Evolución del paisaje forestal y cambios en los derechos de propiedad en Madrid en la Edad Moderna
This paper presents the outline of the evolution of woodlands in Early Modern Age in the Tierra de Madrid. There were two different areas: the south and east, with an advanced process of deforestation at the late Middle Ages, and the north and west, where the main forest thickness was concentrated. In both of them, the spatial transformation processes (ploughing, deforestation), regulation (forest bylaws) and forms of exploitation are analyzed. Most of the woodlands were at first commons, but they experienced a gradual change in property and access rights, leading to their conversion to property of the municipality of Madrid (bienes de propios) or its integration into the Royal Forest of El Pardo. The resulting restriction of access to forest resources to neighbors caused the practice of poaching, a reflection of increasing social unrest.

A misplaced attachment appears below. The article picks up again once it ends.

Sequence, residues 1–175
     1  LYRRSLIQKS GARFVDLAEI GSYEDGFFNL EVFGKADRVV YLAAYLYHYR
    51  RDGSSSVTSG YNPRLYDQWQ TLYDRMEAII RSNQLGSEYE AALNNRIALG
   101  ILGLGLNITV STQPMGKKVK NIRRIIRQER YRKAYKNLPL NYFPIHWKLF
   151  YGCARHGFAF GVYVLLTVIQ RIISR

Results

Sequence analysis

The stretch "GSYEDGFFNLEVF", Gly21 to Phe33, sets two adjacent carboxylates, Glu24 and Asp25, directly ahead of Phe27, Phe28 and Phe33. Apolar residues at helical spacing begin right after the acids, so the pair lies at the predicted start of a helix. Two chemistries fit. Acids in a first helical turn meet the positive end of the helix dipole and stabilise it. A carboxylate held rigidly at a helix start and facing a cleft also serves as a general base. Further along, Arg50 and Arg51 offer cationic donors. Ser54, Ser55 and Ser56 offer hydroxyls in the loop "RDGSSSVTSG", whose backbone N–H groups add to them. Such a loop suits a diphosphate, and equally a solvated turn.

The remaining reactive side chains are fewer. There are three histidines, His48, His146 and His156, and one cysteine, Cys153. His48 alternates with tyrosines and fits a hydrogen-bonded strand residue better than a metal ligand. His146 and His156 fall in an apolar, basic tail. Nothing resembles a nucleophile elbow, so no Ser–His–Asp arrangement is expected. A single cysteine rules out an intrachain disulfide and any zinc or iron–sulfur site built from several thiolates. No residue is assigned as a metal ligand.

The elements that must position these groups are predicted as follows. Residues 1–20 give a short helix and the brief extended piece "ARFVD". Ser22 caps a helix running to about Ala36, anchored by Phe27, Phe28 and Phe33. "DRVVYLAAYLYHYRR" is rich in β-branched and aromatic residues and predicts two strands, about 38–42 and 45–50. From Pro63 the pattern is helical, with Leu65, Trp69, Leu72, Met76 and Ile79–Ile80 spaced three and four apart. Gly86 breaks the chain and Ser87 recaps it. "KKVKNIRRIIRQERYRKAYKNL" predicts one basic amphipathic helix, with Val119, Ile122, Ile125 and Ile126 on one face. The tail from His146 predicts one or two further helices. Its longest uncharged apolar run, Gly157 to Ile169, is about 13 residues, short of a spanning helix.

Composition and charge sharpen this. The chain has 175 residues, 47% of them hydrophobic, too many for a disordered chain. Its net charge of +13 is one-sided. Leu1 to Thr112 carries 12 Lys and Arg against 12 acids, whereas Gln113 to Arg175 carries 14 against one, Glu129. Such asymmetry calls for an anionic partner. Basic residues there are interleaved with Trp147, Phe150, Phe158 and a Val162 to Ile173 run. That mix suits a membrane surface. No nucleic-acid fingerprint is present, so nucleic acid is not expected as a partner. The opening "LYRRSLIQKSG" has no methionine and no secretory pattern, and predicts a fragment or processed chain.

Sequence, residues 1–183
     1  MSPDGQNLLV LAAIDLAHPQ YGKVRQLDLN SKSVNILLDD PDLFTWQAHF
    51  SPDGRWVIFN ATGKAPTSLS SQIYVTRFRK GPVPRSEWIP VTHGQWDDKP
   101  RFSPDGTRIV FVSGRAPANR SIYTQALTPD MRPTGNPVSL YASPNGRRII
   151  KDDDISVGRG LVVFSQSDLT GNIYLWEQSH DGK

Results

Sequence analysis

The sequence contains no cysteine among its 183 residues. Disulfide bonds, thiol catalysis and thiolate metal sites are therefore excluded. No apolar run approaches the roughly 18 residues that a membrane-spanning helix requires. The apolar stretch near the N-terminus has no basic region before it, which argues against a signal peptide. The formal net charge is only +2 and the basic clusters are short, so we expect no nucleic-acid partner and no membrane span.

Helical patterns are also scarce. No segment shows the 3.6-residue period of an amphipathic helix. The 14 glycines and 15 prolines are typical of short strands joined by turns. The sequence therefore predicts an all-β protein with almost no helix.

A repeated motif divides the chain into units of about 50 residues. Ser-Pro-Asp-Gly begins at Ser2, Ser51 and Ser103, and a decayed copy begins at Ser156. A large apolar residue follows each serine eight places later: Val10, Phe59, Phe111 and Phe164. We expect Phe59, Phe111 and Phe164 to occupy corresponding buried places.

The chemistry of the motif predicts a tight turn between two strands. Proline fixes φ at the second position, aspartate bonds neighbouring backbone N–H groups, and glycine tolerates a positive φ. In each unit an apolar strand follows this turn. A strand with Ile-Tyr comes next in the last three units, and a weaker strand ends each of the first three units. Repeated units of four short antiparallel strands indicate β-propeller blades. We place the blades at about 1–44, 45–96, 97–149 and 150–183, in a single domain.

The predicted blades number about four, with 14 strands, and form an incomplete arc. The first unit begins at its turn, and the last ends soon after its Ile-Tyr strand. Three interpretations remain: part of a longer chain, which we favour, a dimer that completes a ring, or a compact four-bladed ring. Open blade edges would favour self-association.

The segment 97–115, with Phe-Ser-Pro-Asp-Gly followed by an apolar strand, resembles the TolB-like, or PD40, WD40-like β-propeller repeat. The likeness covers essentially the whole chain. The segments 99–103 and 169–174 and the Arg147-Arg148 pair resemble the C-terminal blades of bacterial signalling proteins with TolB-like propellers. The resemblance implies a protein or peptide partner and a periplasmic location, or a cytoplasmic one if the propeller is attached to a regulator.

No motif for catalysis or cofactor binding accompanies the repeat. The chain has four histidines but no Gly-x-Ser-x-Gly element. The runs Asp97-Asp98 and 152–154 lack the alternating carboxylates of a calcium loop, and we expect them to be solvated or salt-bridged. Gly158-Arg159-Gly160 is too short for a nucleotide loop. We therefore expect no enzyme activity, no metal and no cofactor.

|Date of creation:||Jun 2011|
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